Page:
‘Love, Sex and Violence’ more charming than name implies
By Cynthia Citron
SHERMAN OAKS, California — Sometimes a book of short stories is a welcome diversion from the usual industrial-strength novels. Just as an evening of short one-acts can provide a satisfying evening at the theater. And that’s just what playwright Helena Weltman and producer/director Pavel Cerny have brought to the stage of the Whitefire Theater in Sherman Oaks.
The six vignettes, collectively titled Love, Sex, and Violence Too is subtitled Or False Advertising, since there is mostly yearning for love, rather than love itself, and no sex or violence at all.
Although the first act gives sex a good college try as a young man (Allen Yates) brings home a waitress (Olivia Peri) from a nearby café. He slips into a gaudy red dressing gown and plies her with wine in a paper cup. But she is looking for a “meaningful relationship,” while he is just looking to get laid.
In the next scene a married couple (Lisa-Beth Harris and Joshua Grenrock) are having a late-night drink after a triumphant party celebrating the publication of her book on baking. He is heaping her with platitudes, which only annoys her, and very soon their marriage is falling apart right before your eyes. (Grenrock was the “brilliantly poignant” lead clown—the man with an air of desperation and a rubber face—in Circus Welt, which director Cerny adapted from Leonid Andreyev’s He Who Gets Slapped, presented earlier this year. Grenrock has been nominated for a 2010 Ovation Award for that role.)
Adrian Lee Borden and Desi Jevon are strangers marooned in a stalled elevator in “Boring,” the third vignette. In contrast with the recent play Elevator, in which seven people are stranded in a large elevator, a situation that doesn’t seem at all frightening or claustrophobic, this elevator in “Boring” encloses the two actors in a very small square with little room to move around, and so their getting-to-know-you conversation is close-up, personal, and bizarre.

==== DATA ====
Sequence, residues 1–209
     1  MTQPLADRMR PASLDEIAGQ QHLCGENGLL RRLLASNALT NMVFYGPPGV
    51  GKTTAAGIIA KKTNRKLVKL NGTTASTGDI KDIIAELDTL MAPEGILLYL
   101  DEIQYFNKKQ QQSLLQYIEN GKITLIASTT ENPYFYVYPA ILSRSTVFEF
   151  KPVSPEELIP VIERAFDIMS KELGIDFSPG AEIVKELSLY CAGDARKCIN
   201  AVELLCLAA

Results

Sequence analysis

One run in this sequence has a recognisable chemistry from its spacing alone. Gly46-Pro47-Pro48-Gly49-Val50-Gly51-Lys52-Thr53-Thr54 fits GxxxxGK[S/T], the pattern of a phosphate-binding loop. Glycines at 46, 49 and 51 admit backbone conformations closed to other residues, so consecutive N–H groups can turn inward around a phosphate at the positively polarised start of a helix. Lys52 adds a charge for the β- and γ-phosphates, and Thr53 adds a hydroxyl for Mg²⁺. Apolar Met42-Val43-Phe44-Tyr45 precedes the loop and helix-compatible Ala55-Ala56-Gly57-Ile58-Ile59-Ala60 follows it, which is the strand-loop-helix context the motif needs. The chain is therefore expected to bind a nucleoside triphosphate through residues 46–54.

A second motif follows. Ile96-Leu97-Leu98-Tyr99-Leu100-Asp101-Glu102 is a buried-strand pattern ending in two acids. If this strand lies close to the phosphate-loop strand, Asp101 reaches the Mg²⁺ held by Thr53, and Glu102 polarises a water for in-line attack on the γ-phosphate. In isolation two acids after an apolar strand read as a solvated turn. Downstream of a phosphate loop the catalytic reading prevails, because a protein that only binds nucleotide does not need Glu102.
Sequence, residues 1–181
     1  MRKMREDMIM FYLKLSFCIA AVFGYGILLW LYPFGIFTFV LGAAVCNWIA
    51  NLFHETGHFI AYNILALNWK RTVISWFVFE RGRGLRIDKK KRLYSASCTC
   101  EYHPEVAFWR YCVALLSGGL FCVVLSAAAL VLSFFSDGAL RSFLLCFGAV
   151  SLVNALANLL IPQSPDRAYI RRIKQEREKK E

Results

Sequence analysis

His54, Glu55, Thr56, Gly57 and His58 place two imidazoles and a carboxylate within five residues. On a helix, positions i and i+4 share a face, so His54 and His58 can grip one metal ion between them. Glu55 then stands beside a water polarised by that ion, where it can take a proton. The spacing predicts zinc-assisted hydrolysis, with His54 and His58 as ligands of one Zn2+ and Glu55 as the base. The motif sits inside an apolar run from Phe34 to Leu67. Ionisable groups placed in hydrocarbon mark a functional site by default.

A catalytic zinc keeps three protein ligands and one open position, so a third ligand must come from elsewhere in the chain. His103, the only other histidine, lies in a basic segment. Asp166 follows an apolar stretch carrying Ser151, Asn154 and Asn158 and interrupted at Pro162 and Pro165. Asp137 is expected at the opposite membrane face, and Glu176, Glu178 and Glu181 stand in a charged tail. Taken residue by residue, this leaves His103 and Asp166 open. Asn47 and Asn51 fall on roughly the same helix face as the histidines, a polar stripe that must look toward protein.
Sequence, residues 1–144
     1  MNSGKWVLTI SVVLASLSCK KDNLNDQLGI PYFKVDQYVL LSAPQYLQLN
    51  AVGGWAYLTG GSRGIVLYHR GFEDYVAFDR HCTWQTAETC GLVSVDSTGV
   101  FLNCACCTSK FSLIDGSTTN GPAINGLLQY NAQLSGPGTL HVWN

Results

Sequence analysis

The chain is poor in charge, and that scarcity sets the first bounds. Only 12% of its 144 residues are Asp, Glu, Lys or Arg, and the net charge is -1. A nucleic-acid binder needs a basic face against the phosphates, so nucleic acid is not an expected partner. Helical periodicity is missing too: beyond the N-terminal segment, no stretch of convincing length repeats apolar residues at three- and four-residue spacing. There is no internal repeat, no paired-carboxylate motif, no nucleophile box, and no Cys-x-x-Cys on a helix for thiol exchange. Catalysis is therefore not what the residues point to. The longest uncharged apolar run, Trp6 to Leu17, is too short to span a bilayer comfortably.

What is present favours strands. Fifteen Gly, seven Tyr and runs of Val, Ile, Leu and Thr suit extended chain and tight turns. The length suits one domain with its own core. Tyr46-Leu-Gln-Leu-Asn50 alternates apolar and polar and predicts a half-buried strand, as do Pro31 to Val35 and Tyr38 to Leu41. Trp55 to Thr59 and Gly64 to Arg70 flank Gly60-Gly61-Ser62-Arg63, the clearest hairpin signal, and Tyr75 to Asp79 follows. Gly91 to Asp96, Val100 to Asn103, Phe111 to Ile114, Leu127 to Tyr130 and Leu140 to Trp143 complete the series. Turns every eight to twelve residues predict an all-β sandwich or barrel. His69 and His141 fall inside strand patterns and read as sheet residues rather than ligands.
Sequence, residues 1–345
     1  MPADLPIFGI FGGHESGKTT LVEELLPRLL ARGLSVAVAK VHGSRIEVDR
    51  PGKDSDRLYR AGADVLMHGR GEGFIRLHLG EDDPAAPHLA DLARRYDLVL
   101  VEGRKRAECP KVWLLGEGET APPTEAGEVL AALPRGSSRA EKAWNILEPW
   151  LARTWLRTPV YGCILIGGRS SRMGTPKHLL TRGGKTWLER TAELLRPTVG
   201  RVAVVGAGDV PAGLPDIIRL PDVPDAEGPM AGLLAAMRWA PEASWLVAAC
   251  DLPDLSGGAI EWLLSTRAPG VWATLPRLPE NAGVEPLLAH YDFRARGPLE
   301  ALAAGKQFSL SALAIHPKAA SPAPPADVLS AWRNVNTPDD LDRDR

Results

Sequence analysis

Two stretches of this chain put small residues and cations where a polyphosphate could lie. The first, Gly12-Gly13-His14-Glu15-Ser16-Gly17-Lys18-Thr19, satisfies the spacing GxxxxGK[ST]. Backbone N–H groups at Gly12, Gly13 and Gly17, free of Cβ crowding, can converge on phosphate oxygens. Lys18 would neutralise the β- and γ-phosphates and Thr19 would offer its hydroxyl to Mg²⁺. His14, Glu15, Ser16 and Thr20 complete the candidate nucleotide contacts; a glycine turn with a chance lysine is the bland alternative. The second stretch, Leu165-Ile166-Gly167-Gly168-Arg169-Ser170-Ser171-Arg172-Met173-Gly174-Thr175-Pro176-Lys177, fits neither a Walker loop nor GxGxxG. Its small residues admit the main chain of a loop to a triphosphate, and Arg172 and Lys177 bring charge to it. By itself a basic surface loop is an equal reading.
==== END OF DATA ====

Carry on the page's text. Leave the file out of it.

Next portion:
“Thirteen Months, Two Weeks” is how long Lacey Rae has been wasting the time of her psychiatrist, Robbin Ormond. She lies, contradicts herself, and needles the doctor with confrontational personal questions, much to the psychiatrist’s consternation. In desperation, the psychiatrist protests, “You hear my interest as a judgment…”
In the next scene Robbin Ormond plays the psychiatrist again, this time alone on stage talking to her own psychiatrist. This vignette is the best of the lot, beautifully written and gloriously acted, as Ormond expresses her frustration and anger with her clients and deals with—and avoids—her own personal dramas. “I can’t take life any more, it’s too painful,” she says.
And finally, ending on a lighter note, Lacey Rae meets a dancer (Eddy Hawks) in a hamburger joint and with headwaiter Ward Edmondson, the three “tap dance to survive,” as Eddy puts it.
While the six vignettes differ in tone and intensity, they make for an engaging mix—even though some scenes are considerably better than others (and sometimes make more sense). For the most part, the overarching themes are loneliness, disappointment, and estrangement, but surprisingly, there is a good deal of humor in the midst of all the pathos. And director Cerny has done a good job of bringing out the best in his actors. Making it a very pleasant outing for a Sunday afternoon.
Love, Sex and Violence Too will be performed every Sunday at 2 p.m. through October 17th at the Whitefire Theatre, 13500 Ventura Blvd., in Sherman Oaks. Call 866-811-4111 for tickets.
Citron is Los Angeles bureau chief of San Diego Jewish World